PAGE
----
A year ago today, I had to say goodbye to the man who was more than just my Father; he was my friend, my ‘mother’, my confidant, my guide, my teacher.
A year later I light a candle in memory, and for 24 hours my dad’s soul will fill my home.
Jewish custom dictates this flame of remembrance is to be lit on the departed’s yahrzeit [the Yiddish word for “anniversary (of a person’s death)]. The reason given for the lighting of a candle to mark this day comes from the book of Proverbs 20:27 where it says:
“The soul of man is the light of God.” Just as a flame is never still, the soul also continuously strives to reach up to God. Thus, the flickering flame of the candle helps to remind us of the departed soul of our loved one.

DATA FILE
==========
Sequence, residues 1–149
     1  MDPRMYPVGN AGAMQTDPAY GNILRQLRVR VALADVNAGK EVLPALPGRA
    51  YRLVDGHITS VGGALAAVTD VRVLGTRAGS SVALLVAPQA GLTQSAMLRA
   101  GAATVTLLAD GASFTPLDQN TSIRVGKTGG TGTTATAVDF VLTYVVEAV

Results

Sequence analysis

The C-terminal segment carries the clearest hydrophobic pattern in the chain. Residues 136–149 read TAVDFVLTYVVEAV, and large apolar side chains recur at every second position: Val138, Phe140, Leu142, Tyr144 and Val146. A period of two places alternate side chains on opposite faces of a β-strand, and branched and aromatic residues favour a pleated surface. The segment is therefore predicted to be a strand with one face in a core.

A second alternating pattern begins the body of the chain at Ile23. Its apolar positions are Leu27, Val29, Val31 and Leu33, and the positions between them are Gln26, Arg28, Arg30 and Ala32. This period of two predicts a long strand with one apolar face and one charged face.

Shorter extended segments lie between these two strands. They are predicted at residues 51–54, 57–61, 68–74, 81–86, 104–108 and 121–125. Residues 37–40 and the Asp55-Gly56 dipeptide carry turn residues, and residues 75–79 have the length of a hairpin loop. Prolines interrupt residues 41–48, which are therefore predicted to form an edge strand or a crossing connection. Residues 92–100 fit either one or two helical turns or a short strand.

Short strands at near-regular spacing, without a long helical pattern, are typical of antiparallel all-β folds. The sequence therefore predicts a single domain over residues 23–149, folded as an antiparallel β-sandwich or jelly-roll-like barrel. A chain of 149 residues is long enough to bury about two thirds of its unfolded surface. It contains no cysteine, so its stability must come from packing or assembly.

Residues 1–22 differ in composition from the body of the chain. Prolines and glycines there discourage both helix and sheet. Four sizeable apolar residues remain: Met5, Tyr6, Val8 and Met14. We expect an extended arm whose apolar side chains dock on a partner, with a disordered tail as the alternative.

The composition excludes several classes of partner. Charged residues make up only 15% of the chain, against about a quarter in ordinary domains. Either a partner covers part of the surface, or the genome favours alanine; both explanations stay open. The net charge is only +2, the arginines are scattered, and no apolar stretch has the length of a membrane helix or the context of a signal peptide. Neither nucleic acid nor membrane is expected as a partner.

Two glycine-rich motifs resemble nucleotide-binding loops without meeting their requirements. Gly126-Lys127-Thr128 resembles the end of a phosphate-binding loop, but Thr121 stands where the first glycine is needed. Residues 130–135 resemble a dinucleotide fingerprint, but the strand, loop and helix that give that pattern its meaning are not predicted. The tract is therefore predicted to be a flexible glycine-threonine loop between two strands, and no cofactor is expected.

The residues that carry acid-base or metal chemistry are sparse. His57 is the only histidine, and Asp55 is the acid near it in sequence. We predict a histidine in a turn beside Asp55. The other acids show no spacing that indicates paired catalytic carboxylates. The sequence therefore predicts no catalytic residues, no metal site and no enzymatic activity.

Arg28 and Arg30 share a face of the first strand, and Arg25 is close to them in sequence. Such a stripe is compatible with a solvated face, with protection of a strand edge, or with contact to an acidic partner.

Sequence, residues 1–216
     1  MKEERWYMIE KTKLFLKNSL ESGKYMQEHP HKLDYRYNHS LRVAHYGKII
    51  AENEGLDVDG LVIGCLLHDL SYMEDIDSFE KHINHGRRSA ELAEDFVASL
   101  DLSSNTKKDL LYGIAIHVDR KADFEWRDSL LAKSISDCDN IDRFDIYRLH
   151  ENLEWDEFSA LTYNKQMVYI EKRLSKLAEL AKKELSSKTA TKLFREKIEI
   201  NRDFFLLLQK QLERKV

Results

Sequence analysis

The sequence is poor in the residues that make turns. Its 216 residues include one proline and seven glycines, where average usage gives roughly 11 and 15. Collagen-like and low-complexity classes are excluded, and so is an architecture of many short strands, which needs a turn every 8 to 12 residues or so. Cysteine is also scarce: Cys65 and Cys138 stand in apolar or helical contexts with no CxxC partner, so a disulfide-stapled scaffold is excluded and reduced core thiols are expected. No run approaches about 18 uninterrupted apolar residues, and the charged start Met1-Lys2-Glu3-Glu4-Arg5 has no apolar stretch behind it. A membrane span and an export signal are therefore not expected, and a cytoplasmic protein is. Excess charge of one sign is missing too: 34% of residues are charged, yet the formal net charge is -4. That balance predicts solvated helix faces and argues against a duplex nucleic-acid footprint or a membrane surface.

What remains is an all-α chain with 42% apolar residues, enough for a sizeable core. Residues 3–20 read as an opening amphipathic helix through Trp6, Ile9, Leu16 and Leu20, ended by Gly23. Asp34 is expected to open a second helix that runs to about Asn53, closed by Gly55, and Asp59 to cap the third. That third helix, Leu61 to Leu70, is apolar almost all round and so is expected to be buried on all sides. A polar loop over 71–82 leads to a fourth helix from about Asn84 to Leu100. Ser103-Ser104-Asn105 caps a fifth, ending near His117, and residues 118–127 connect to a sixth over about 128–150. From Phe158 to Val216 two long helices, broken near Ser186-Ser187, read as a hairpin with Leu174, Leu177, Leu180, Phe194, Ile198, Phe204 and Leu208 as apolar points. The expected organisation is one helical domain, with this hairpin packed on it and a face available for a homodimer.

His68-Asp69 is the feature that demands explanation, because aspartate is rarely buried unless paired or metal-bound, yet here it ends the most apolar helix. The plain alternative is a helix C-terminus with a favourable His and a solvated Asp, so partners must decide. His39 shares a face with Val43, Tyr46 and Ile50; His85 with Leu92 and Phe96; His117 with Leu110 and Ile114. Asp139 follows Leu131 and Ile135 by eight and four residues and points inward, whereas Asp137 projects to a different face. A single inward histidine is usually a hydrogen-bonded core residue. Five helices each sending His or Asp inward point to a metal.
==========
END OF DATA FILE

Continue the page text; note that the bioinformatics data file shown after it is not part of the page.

Judaism recognizes that death is a part of life, and it is the duty of the living to remember the dead. We honor the memory of those no longer with us in life.
“As this light is pure and clear, so may the blessed memory of the goodness and nobility of character of my dear father illumine our souls”.
His memory is a blessing.